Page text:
Scientists are looking for new ways to determine the quick-as-a-thought lifetime of the Higgs boson, which could point the way to new physics.
For all the media attention the Higgs boson has received over the last few years, it certainly doesn’t stick around very long to soak it all in. Once produced, it decays in less than a sextillionth of a second.
Despite its brevity, the lifespan of the Higgs boson could lead scientists to the next major discovery at the LHC.
Scientists are looking for better ways to measure this property of the Higgs boson to find out if it agrees with predictions from the Standard Model of physics. If it doesn’t, it could be a sign of undiscovered particles or forces at work.
Some particles—like electrons and protons—are extremely stable and remain unchanged for billions of years or more. But many more massive particles—like muons, top quarks and the Higgs boson—are unstable and quickly decay into more stable particles (such as electrons) shortly after they are produced.
By calculating the average lifespan of these unstable particles, scientists can develop a deeper understanding of their properties and the role they play in our larger understanding of physics.
“When a new particle is discovered, the first thing everyone thinks about measuring is its mass,” says Fermilab theorist John Campbell. “But lifetime is a very important fundamental property that we also need to test to better understand the particle.”
But measuring the lifetime of a fundamental particle directly is extremely difficult—if not impossible—because the lifetimes are often so short that they are imperceptible to even the best particle detectors. For instance, even though the Higgs boson moves at close to the speed of light, it travels less than the length of an atom before it decays into other particles.
For this reason, scientists scrutinize a related fundamental property called the width, a measurement of the range of variation in the particle’s mass.
“When the Higgs is produced, it is sometimes produced at exactly 125 GeV, but other times it is produced with a slightly higher or slightly lower mass,” Campbell says. “This is because of a quantum mechanical uncertainty in its mass, which we call the width. The smaller the width, the longer the lifetime.”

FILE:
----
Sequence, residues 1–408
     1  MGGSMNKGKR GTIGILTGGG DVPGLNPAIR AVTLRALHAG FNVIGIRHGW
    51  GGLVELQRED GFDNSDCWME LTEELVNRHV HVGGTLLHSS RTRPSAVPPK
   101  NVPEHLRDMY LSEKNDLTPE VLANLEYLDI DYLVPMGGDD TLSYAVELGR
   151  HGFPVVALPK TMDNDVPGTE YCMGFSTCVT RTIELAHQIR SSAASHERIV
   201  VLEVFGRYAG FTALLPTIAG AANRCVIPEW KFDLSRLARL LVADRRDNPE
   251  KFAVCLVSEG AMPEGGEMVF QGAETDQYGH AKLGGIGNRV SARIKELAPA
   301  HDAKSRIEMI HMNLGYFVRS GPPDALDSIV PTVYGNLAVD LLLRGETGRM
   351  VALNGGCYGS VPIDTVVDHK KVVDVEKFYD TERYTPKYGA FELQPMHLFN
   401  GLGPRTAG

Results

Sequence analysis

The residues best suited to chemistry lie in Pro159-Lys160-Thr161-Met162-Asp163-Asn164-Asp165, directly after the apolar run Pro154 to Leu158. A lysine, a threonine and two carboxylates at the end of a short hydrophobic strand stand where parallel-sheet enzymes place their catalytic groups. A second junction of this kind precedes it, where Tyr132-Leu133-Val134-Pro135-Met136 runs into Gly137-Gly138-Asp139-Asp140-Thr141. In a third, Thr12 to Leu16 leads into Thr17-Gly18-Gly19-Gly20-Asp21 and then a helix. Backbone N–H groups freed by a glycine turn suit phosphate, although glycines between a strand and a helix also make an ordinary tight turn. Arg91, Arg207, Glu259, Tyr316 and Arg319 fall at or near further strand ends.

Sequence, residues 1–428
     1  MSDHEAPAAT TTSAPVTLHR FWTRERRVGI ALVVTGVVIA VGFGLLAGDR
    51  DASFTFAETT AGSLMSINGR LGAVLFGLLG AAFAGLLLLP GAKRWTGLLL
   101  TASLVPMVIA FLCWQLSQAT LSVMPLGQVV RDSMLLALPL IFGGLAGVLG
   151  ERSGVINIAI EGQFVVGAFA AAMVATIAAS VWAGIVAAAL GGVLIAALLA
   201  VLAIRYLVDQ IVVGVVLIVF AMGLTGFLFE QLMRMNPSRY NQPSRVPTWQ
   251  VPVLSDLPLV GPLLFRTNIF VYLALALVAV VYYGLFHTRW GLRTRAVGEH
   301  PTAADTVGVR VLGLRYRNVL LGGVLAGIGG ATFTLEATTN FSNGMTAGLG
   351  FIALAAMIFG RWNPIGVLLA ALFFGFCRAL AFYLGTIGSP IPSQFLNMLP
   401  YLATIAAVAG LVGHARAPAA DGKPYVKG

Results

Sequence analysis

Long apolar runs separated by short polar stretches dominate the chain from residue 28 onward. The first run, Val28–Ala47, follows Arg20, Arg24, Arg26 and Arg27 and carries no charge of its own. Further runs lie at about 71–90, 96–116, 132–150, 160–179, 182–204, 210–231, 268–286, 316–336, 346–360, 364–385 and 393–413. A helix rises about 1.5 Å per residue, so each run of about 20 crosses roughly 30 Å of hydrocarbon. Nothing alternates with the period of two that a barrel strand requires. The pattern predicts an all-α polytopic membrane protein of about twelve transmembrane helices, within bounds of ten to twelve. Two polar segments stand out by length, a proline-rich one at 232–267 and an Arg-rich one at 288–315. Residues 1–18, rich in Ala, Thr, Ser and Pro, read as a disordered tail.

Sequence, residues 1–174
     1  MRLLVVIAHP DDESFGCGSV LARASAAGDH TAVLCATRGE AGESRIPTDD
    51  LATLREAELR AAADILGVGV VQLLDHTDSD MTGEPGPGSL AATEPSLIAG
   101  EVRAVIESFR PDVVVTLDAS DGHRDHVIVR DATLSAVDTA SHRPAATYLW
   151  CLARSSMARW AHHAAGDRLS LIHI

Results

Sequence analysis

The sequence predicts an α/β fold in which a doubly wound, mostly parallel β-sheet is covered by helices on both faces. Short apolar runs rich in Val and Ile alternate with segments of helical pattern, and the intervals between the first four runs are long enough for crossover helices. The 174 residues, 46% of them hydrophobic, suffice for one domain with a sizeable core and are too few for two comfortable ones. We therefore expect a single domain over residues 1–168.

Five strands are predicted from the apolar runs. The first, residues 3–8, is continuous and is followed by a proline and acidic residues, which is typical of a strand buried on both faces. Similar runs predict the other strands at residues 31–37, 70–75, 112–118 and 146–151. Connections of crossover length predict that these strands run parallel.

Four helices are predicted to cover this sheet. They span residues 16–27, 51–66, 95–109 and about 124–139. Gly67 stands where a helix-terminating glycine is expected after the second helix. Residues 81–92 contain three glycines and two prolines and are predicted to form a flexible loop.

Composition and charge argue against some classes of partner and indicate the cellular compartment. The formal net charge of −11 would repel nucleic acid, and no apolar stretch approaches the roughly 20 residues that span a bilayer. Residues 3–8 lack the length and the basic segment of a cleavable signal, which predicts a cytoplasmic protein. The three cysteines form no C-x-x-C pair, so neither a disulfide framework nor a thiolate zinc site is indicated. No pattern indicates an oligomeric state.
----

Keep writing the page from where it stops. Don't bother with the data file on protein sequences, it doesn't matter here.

Originally, scientists measured the width of the Higgs directly by reconstructing many Higgs bosons from its well-known decay products and then mapping their masses. But because of limited detector resolution, this measurement only constrained the width of the Higgs boson within a factor of 1000 of the value predicted by the Standard Model.
For this latest measurement, scientists on the CMS experiment at the LHC used a clever trick developed by theorists to determine the width of the Higgs boson based not on what they saw in their measurement, but on what they did not see.
“If the Higgs boson had a large width, then we would regularly see its mass fluctuate above 200 gigaelectronvolts,” says CMS physicist Andrei Gritsan, a professor at Johns Hopkins University. “But because we did not see this this happen often, we know that this is a much rarer processes, and we can therefore restrict the maximum size of the width.”
This new measurement is within a factor of six of the width value predicted by the Standard Model—a huge improvement from the previous measurement.
However, Gritsan advises that more research is needed. “It may not be the cleanest way to measure the width of the Higgs boson because we still make the assumption that there are no new, unobserved particles which could affect the Higgs boson production through quantum effects,” Gritsan says. “We need to attack the problem from many directions."
The next run of the LHC will provide heaps of new data that will allow physicists to both search for new particles and probe the fundamental properties of the Higgs boson even further. It will also allow physicists to test this new technique on a number of different measurements.
“This is the beginning of a new field of research where people are realizing the power of this technique as a way to measure and constrain the properties of the Higgs particle,” Campbell says. “We benefit from more data, but we benefit even more from new ideas.”